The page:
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I am learning Chinese and met few characters, which are looking like western characters with similar pronunciation.

Examples are

which pronounced like zi and visually similar to Z and

which pronounced like pi and visually similar to Greek π.

Is this just by coincidence, or this is some real language borrowing phenomenon?

closed as too broad by going Oct 23 '16 at 20:11

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    Because you are (quite frankly) incorrect. It's a pure coincidence, the two alphabets are developed completely independently from each other. – Registered User Oct 24 '16 at 1:23
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    just coincidence for example , 兀 日 匚 口 卅 廿 山 长上 义 – chsword Oct 24 '16 at 4:24
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Chinese characters and English alphabets developed independently. There's nothing in common between the two systems.

子 and Z or 匹 and π don't even look similar.

Human beings can only produce limited number of sound tones. It is inevitable that some pronunciations would be similar between different languages.

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This is a subject very close to my heart as I am an amateur etymologist. Since I have been learning Chinese, I have also been collecting words whose sound and meaning are similar to other languages. I have quite a few.

Etymologists propose a language called Proto-Indo-European as the origin of the Indo-Germanic languages. One needs to look for words with similar sounds and meanings when comparing languages.

It is I think unreasonable to assume that the tribes that spoke this language only drifted westwards, none going east. However, as the West had only very limited access to China in the last 2000 years, they had neither the opportunity nor the desire nor the means or ability to include Chinese in their studies, which is their loss, as I see it.

Particularly 子, meaning son, child, seed may be related to German zeugen, which means, among other things, beget a child.

German uses -zeug as a suffix with a meaning like '-thing' in words like Spielzeug, Werkzeug, Bettzeug. Chinese has 子 in many combinations with a similar useage, such as 牌子, 量子, 脑子 .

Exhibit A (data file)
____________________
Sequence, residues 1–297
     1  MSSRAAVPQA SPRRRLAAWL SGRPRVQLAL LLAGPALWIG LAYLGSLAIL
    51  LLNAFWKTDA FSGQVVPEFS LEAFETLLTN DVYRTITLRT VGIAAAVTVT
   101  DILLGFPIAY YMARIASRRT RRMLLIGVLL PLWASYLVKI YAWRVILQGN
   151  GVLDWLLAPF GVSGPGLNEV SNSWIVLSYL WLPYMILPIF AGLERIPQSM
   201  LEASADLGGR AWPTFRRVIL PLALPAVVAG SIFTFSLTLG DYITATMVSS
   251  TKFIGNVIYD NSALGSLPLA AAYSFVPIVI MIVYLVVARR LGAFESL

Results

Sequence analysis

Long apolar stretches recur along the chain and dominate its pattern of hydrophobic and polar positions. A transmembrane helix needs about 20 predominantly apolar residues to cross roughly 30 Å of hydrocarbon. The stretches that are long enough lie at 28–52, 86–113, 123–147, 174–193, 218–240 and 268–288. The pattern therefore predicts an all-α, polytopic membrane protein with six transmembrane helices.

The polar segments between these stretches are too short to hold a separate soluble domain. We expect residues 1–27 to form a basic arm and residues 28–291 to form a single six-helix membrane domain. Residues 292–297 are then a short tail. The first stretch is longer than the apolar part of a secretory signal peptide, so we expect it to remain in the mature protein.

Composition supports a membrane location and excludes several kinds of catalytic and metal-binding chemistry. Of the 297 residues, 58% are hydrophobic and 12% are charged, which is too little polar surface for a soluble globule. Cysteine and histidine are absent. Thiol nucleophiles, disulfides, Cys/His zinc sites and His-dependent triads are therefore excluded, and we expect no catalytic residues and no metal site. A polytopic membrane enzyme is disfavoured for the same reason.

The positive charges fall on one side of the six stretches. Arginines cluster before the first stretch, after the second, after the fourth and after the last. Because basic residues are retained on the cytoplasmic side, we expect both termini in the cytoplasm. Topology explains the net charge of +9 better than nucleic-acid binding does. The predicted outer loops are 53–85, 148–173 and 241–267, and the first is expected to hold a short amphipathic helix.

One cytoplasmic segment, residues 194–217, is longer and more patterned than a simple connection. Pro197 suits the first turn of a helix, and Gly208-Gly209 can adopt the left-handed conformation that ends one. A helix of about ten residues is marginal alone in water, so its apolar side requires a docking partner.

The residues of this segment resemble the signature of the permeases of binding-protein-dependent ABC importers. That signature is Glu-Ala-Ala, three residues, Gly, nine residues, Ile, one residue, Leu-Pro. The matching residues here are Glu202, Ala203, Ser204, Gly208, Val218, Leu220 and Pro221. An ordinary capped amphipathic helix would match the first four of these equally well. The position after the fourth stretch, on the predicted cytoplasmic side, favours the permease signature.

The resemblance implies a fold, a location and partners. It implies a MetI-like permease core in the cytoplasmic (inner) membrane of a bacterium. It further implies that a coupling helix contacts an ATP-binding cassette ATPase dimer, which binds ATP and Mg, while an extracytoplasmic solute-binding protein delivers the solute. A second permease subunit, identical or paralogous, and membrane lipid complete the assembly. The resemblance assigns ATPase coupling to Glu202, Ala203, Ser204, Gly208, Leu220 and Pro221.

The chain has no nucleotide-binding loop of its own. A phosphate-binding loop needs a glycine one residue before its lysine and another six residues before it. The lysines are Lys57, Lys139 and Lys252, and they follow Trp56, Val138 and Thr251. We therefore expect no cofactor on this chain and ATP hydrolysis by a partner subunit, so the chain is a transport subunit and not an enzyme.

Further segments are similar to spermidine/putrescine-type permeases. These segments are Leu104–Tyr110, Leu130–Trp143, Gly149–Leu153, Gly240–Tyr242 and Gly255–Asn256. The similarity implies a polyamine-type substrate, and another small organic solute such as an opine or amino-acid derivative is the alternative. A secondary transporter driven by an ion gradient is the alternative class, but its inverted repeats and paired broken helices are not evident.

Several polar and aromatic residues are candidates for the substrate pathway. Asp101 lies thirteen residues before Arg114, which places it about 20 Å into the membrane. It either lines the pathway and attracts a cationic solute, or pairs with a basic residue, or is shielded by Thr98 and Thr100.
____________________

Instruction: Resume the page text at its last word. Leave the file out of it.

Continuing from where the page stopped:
May all just be coincidence, but the belief that the Proto-Indo-Europeans only walked westwards seems very egocentric of western scholars.

  • Chinese is part of the Sino-Tibetan language family, which is distinct from the Indo-European language family. No one is claiming that Indo-Europeans only went west. Indeed, there are speakers of Tajik Persian, an Indo-European language, native to Western China. – Colin Oct 25 '16 at 0:15
  • Families are ordered in family trees, trees which branch. Where the branches meet, there, at least, are commonalities. Also, these categories were not invented by the infallible God of Language, but by fallible, mortal men. I would not presume that these categories are absolute or unshakeable, nor that they neither had nor have commonalities. Humans and mice are very different, but somewhere around 99% of our genetic material is identical. If you look at Julius Pokorny's Dictionary of the PIE language, you will find a lot of guesswork. Do you see any similarity between willow and 柳? – Gangosa Oct 25 '16 at 9:02
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    We have to rely on the judgements of experts in the field of historical linguistics. They do not believe there is any reason for linking indo-european and sino-tibetan – Colin Oct 25 '16 at 18:00
  • Haha! "Experts" locked Galileo up and told us the world is the centre of everything and flat! We also have to rely on our own judgement. Current theory says, mankind began in Africa and migrated. Which language did they speak? PIE or Sino-Tibetean? – Gangosa Oct 25 '16 at 22:43

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